This article outlines how to create a simple work order template.
In this step-by-step description, we will create a work order template, consisting of general information about the work order, and a few related tables. This template will make use of the following features:
This guide is based on a sample template. To view the finished sample template, please see the attached document at the bottom of this article.
For a video version of this guide, please see the video below:
Step 1: Setting the base entity
When creating a template, it is always important to set your base entity first. This is because the fields displayed in the Template Designer will be determined by this base entity, and once a field has been inserted into a template, the base entity can no longer be changed. In this case, our base entity is Work Order, so we will set the Type accordingly.
Step 2: Adding our text and general structure
We will begin by adding our text and general structure to our template. For this example, this is what our template looks like.
Step 3: Adding our standard fields
To create our work order template, we need to include some fields that cover the basic information about our work order. These standard fields will come either from the Work Order entity itself, or from its lookup fields
Step 4: Creating our tables
Under our General section, we want to create three tables for this work order. These tables will be based on the Work Order Service Task, Work Order Service, and Work Order Product entities. To create these tables, we will need to open the Relationship Designer through the Add Relationship/Entity button in the Template Designer.
For our first table, we will establish a relationship with the Work Order Service Task entity.
Here, we will need to select the % Complete, Estimated Duration, and Name fields. Click OK once all fields have been selected. The table should appear like the following in the Template Designer.
For our second table, we will establish a relationship with the Work Order Product entity. Similar to above, we will select the relationship in the Relationship Designer. Then, we will select the Estimate Quantity, Line Status, and Name fields.
Then, we will need to add a Link Element, which can be added at the bottom of the window.
In this window, we will create a new N:1 relationship with the Product entity. We will need the Subject field from this entity. This field can be located in the field list after selecting the “include lookup fields” checkbox. Once the Subject field has been selected, Click OK and accept all changes.
This table should now appear like the following in the Template Designer.
For our last table, we need to establish a relationship with the Work Order Service entity.
We will select the Estimate Duration, Line Status, and Name fields. Like the Work Order Product table, we will also need to add a Link Element. We’ll establish a relationship to the Product entity just like before and add the Subject field.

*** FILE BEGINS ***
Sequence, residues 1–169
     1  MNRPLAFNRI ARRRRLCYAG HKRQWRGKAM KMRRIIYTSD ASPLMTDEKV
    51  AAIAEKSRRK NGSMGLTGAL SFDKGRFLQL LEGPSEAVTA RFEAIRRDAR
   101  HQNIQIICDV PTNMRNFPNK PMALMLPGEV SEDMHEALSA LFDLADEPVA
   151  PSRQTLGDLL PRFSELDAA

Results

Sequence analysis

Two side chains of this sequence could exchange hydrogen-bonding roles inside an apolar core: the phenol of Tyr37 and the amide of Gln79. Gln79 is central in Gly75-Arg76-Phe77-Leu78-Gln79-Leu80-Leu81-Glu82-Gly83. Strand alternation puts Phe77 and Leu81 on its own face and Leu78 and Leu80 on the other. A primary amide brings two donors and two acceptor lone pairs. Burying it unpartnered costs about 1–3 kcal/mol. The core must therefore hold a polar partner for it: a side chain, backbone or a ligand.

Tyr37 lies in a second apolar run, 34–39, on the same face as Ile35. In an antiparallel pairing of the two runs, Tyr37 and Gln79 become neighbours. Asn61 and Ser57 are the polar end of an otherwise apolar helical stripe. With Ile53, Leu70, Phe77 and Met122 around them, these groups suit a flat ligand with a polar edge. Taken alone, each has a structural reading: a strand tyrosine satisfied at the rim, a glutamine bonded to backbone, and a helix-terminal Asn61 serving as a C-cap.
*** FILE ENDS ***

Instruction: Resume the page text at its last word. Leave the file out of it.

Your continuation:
Once all changes have been saved, this table should look like the following in the Relationship Designer.
With the fields set up, we are now ready to create the tables themselves.
Each table will have the same general structure. We will start by creating a table based on the Work Order Service Task relationship by double-clicking on the Name field in the fields list. We’ll set up the table with the following settings:
Once the table is created, we can add our % Complete and Estimated Duration fields to it, alongside our already-added Name field. We’ll also add some appropriate column names.
We will repeat this process for our other tables. We’ll also add some single-cell tables to keep things looking organized.
Our tables should now look like this.
There’s one more thing we need to add: grouping.
Step 5: Grouping
When applying grouping to a table, you can organize your dynamically generated table into categories. This can be handy in situations where, for example, you would want to categorize products as “electronics” or “services.”
To apply grouping to a table, you first need to add the field you want to group your table by into the table. In our case, we’ll add the Subject field from our Work Order Product relationship into the table.
Once the field has been added, we will click on it and then navigate to the Edit Table group in the www.mscrm-addons.com tab. Then, we’ll click on the Grouping dropdown and select Mark Groupingfield.
The result should look like this:
We can remove the field itself from our main table row, as it is not needed in our table. Additionally, we can delete the grouping footer by selecting the footer, navigating back to the Grouping dropdown and selecting Remove Groupingfooter.
Our table should now look like this:
This process can be repeated for our Work Order Service task. We will not do this for our Work Order Service Task table.
The tables should end up looking like this:
Step 6: Generating a document
At this point, your template should something like this:
When we run this template against some data, we receive the following result. Note the grouping on the last two tables.
That’s it! We appreciate your feedback! Please share your thoughts by sending an email to firstname.lastname@example.org.